NPL/SMART Group Conformal Coating & Cleaning Experience

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From a design point of view, it was necessary to carefully consider component layout, especially if dip coating was specified, to avoid features such as open through-hole vias, and to add tooling holes appropriate to the application method. The essential elements of a conformal coating drawing were definitions of: cleanliness requirements, areas to be masked and method of masking, conformal coating type, application method, thickness specification and inspection standards.

A good crowd gathered to hear Phil Atkinson of Fraser Technologies put his perspective on the need for cleaning before conformal coating. Having outlined the general benefits offered by conformal coating: Protection against moisture intrusion, humidity, shock, vibration, and corrosion, as well as electrical insulation, he summarised the properties and relative merits of the range of coatings available: Acrylics, urethanes, epoxies, silicones, and polyparaxylenes. There was no universal solution; it was a matter of intelligent selection in respect of performance requirements such as operating temperature, moisture resistance, chemical resistance, and whether formal qualification was required.

Why clean? He described the surface of a PCB assembly as a “chemical residue soup” which, before lead-free, did not generally present a significant problem and most conformal coatings could be successfully applied directly without cleaning. However, as technology had progressed with tighter packing densities, higher operating frequencies, and higher power, coating without cleaning was not recommended. Lead-free had been the real game-changer, with higher process temperatures and more tenacious residues, and he listed a whole range of contaminants that could be present--originating from the PCB and components as well as from the assembly process itself--and gave examples of failures that they could cause. In summary, he advocated that cleaning before coating was good practice, and recommended ionic cleanliness testing to prove its effectiveness. An appropriate cleaning process could promote optimum coating adhesion, whereas a poor cleaning process was the root cause of many coating defects.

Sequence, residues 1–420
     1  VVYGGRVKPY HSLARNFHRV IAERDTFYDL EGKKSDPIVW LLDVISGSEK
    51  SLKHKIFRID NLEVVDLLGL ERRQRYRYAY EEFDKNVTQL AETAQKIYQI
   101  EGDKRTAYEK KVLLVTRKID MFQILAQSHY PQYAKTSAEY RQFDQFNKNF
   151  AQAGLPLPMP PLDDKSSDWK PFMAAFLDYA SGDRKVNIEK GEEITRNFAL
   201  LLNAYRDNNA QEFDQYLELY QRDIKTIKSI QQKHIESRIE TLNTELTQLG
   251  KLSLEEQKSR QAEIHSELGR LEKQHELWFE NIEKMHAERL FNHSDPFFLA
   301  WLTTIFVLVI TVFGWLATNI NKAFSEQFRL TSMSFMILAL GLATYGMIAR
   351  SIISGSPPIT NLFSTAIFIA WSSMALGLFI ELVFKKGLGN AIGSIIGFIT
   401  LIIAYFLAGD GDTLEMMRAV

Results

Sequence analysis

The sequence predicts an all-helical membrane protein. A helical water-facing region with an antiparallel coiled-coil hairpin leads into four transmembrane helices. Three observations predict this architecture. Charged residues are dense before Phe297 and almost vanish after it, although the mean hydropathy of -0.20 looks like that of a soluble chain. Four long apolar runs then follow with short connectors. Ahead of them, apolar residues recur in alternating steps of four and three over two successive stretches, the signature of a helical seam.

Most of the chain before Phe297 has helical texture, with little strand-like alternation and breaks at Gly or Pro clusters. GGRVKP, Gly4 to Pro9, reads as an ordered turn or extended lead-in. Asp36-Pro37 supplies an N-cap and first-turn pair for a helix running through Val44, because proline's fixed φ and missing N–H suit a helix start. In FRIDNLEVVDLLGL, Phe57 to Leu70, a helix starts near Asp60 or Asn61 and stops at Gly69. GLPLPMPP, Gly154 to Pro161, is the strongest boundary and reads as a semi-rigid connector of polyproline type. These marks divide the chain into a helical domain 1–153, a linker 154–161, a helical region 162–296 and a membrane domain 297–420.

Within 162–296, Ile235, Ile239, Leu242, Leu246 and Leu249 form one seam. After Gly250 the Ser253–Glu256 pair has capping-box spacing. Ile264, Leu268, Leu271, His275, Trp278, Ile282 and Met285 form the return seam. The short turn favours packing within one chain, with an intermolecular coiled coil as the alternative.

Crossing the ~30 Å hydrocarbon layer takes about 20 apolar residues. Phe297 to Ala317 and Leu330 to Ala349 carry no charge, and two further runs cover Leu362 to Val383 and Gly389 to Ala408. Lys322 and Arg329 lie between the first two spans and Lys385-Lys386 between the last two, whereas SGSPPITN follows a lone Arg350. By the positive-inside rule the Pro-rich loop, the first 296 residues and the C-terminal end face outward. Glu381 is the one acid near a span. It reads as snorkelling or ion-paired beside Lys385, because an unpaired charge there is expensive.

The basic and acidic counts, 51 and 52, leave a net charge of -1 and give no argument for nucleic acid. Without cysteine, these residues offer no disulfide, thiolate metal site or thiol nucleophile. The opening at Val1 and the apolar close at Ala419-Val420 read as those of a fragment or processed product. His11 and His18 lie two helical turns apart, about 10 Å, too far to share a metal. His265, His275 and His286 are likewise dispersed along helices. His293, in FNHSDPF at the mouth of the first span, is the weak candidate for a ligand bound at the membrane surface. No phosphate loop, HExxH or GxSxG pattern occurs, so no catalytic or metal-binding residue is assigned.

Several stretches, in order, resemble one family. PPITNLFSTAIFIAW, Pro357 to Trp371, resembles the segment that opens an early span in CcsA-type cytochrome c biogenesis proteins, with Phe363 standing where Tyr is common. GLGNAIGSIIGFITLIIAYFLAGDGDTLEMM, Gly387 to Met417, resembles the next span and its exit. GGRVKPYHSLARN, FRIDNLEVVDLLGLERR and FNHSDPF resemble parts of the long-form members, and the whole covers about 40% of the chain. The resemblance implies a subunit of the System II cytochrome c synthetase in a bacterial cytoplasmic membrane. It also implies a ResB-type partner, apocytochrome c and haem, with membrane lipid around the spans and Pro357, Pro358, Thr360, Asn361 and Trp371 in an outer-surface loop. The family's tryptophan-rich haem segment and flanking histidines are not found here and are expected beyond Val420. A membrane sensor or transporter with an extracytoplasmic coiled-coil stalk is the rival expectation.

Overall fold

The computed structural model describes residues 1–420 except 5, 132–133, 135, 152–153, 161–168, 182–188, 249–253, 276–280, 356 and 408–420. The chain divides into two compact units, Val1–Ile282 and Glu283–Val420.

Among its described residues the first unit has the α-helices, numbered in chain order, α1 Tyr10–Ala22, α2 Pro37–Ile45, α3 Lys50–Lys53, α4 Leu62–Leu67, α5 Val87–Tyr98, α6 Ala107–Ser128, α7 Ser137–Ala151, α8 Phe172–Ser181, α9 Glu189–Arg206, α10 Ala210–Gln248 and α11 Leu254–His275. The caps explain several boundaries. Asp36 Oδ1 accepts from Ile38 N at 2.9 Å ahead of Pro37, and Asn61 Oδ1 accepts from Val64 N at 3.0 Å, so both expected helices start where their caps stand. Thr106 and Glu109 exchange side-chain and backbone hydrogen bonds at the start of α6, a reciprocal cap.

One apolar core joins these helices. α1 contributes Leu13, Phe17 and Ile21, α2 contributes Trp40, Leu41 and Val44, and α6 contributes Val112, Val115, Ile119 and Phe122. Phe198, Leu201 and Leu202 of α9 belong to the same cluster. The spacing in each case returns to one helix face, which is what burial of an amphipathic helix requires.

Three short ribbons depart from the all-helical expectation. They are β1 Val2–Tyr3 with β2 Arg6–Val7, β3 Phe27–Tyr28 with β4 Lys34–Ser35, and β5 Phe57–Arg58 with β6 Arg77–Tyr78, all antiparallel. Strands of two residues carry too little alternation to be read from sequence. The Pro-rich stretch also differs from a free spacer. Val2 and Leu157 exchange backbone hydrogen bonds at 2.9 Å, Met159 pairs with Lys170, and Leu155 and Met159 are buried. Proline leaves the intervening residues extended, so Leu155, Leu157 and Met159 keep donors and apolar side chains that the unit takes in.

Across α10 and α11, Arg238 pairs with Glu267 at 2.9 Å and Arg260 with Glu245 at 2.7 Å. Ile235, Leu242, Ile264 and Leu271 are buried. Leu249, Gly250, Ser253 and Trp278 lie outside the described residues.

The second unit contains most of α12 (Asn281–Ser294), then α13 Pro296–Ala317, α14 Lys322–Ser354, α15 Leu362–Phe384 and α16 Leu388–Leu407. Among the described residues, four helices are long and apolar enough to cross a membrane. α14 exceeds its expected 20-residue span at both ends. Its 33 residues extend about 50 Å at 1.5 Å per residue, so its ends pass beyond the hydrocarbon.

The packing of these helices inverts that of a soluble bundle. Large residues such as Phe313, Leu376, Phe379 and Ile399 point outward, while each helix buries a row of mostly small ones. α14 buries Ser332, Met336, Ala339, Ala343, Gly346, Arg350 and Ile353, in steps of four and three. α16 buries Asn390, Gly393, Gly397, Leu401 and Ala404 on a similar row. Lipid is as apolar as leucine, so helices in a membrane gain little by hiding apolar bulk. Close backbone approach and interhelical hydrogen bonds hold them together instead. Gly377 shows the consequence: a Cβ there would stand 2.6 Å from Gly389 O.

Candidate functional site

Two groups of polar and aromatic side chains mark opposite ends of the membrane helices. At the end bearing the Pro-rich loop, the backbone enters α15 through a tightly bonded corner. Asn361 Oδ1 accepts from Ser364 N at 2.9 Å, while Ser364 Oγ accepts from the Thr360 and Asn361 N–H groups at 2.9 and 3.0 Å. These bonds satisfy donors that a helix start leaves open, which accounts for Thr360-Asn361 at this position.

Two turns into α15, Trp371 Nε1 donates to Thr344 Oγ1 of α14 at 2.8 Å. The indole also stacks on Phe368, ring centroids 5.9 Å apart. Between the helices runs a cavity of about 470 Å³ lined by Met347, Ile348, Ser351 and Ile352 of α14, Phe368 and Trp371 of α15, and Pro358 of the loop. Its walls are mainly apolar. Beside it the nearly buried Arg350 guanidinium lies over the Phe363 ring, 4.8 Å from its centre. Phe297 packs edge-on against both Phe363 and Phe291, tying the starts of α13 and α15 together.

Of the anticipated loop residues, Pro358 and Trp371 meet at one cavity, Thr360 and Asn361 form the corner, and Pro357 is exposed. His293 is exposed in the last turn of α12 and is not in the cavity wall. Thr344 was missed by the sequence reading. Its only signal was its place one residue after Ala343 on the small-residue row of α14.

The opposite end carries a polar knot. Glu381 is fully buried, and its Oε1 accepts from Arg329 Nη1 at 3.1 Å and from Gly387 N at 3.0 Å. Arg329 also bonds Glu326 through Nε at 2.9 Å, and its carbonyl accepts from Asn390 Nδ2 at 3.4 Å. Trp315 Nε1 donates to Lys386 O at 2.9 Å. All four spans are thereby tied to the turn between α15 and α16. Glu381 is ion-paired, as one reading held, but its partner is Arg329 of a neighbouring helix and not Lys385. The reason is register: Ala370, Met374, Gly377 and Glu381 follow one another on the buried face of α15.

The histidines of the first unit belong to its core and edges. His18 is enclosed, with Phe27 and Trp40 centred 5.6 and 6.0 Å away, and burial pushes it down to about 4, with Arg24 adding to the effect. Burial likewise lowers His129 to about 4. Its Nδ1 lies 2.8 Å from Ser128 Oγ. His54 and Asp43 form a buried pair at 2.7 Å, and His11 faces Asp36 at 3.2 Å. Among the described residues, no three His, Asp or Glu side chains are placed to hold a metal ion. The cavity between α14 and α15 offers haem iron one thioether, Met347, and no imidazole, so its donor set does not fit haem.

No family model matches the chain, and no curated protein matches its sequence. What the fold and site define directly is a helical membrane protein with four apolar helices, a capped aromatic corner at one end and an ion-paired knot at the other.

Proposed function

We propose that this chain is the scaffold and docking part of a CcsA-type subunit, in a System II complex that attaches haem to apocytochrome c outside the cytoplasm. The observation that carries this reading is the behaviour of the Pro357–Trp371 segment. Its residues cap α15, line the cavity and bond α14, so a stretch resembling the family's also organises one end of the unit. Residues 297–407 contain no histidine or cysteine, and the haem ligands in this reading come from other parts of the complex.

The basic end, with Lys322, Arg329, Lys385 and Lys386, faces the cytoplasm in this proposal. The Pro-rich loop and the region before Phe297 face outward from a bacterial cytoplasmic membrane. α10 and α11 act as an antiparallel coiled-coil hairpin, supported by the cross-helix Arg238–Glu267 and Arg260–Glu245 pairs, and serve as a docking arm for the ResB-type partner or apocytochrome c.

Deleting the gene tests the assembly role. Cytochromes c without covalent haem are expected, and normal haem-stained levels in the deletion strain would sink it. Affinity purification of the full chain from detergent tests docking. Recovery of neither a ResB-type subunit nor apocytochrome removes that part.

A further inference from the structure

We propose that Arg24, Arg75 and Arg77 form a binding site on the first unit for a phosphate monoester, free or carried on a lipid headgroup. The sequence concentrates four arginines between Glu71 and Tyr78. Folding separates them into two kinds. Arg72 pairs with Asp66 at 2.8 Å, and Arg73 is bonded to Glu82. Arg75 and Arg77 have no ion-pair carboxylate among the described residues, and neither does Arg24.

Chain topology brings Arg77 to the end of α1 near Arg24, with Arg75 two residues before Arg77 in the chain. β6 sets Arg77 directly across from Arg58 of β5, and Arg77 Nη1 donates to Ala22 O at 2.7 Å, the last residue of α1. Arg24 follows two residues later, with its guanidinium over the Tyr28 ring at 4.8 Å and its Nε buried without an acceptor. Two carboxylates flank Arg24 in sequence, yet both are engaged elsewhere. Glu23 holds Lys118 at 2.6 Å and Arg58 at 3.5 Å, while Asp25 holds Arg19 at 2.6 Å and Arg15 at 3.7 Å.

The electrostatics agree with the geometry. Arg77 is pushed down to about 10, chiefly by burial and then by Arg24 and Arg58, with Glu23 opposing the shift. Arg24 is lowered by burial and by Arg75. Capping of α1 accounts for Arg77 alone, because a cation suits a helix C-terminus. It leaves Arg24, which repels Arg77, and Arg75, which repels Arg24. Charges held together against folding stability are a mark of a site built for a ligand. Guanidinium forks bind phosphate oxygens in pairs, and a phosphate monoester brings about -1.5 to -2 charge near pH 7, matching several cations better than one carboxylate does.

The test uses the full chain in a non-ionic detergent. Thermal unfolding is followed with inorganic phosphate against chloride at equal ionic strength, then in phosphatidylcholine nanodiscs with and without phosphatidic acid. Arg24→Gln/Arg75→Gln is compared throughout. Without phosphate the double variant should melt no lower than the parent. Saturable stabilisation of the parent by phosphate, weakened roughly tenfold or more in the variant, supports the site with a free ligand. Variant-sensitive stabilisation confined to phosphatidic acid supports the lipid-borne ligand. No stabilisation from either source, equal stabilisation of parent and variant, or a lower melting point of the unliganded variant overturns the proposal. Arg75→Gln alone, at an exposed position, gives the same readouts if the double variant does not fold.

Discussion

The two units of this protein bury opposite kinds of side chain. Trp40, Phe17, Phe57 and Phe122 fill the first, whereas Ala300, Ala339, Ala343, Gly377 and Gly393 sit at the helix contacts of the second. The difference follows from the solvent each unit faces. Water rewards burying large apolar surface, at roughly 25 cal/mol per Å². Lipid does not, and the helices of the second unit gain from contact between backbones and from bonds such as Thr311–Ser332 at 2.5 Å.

The third presentation came from Willis himself, giving advice on selecting a coating based on product and environment. Why conformal coat? He listed several purposes: To prevent premature failure, to improve the performance of specific components, to improve environmental protection, as a possible alternative to a sealed enclosure to reduce the cost of the end product, and to ruggedize a product design. He then summarised the characteristics of available coatings and typical coating thicknesses. A golden rule was never to use conformal coating to overcome process problems by attempting to cover them up--it was vital to have a properly engineered and controlled assembly process in place before considering any conformal coating operation. He showed many examples of process and field failures, explained their causes, and recommended consulting the NPL Process Defect Database--freely available--as a point of reference to help identify and resolve problems.



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